Beeswax Facts

Have you ever wondered why beeswax is so special? Or have you wondered why beeswax candles are more expensive that paraffin candles?

According to Wikipedia:

Beeswax is a natural wax produced in the bee hive of honey bees of the genus Apis. Beeswax is produced by young worker bees between 12 and 17 days old in the form of thin scales secreted by glands on the ventral surface of the abdomen.

Western honey bees use the beeswax to build honeycomb cells in which their young are raised and honey and pollen are stored. To produce their wax, bees must consume about eight times as much honey by mass. It is estimated that bees fly 150,000 miles to yield one pound of beeswax (530,000 km/kg). When beekeepers extract the honey, they cut off the wax caps from each honeycomb cell with an uncapping knife or machine. Its color varies from nearly white to brownish, but most often a shade of yellow, depending on purity and the type of flowers gathered by the bees.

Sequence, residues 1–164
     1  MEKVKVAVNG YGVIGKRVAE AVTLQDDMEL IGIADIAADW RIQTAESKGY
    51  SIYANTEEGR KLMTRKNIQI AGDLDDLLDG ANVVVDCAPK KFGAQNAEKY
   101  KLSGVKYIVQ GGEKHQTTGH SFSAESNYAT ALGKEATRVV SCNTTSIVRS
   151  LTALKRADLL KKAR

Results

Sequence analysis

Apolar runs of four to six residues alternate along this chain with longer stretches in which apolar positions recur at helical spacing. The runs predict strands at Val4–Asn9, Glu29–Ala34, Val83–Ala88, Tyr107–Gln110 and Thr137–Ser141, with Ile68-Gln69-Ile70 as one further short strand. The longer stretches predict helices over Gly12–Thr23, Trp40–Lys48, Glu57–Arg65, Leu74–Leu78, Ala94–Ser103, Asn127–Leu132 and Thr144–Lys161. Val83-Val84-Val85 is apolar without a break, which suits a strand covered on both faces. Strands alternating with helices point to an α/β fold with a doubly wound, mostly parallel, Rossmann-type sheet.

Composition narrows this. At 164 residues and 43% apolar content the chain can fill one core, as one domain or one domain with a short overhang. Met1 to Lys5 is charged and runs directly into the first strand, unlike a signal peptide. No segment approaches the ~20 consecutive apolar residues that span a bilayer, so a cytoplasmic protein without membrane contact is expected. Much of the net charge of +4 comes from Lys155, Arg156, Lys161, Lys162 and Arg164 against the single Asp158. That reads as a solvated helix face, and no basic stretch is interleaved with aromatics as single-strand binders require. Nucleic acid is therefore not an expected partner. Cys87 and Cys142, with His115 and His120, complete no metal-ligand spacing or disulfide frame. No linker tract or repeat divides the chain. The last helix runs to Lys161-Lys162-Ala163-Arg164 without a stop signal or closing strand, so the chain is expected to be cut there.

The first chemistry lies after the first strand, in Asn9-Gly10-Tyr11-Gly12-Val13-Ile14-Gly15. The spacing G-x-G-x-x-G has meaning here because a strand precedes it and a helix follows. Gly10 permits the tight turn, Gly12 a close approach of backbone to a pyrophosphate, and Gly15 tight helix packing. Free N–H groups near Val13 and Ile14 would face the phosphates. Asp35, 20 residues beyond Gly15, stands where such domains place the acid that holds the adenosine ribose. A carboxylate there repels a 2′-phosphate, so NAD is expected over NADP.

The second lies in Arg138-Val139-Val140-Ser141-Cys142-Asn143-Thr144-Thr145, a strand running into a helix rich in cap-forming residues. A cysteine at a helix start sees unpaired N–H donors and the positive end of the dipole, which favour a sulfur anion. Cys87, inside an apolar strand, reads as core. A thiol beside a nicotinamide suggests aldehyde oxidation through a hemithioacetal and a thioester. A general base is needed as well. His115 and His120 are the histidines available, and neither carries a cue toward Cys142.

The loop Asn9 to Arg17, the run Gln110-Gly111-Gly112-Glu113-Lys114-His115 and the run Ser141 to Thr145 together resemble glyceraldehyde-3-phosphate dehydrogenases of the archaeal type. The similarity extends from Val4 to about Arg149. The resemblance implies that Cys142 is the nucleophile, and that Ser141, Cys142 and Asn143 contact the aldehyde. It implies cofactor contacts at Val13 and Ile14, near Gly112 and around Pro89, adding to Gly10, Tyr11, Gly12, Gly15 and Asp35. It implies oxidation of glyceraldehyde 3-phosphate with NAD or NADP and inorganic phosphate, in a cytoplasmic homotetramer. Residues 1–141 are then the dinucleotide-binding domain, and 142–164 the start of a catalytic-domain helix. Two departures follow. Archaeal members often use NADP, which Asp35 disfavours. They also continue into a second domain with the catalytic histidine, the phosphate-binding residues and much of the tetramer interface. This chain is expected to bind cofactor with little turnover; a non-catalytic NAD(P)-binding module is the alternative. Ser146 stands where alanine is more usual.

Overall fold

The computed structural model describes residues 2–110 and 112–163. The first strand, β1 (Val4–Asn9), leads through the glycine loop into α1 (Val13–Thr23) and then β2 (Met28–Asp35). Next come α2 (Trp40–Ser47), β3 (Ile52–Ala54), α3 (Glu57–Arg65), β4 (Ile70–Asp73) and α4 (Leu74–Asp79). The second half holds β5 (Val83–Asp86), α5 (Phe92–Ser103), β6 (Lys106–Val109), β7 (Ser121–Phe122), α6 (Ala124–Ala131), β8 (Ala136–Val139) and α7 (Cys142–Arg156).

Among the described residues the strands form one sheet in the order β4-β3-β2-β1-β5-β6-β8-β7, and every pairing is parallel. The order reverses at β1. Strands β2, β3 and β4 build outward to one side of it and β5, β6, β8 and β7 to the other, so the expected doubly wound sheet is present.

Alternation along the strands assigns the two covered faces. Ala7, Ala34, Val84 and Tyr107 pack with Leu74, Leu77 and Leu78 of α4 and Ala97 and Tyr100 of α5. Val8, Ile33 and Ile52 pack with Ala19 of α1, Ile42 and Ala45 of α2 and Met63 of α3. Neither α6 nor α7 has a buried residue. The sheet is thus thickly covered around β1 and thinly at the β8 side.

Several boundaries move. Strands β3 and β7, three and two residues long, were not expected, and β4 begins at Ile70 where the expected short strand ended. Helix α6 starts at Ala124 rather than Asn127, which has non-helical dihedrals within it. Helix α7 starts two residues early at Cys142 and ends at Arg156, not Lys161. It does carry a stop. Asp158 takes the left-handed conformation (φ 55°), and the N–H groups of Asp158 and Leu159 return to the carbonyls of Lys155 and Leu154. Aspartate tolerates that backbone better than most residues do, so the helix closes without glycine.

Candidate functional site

Why Beeswax Is Better For You (And The Planet) Than Paraffin

95% of all candles sold are made from paraffin wax.

Paraffin is a by-product from petroleum refineries. It is sold cheaply by the petroleum refineries because they would otherwise have to pay to dispose of it. To make this waxy sludge more acceptable it is bleached (which creates dioxins), processed and then texturised using carcinogenic (cancer causing) chemicals (and the whole process creates air pollution). Candle makers then take this bleached, toxic wax, and colour it with synthetic colourants and artificial scents, form them into candles and sell them to you to burn in your living room.

Burning paraffin candles produces the same toxic smoke as burning diesel fuel. The toxic smoke from the paraffin candles covers your walls, furniture, carpet and curtains, not to mention the inside of your lungs and your skin.


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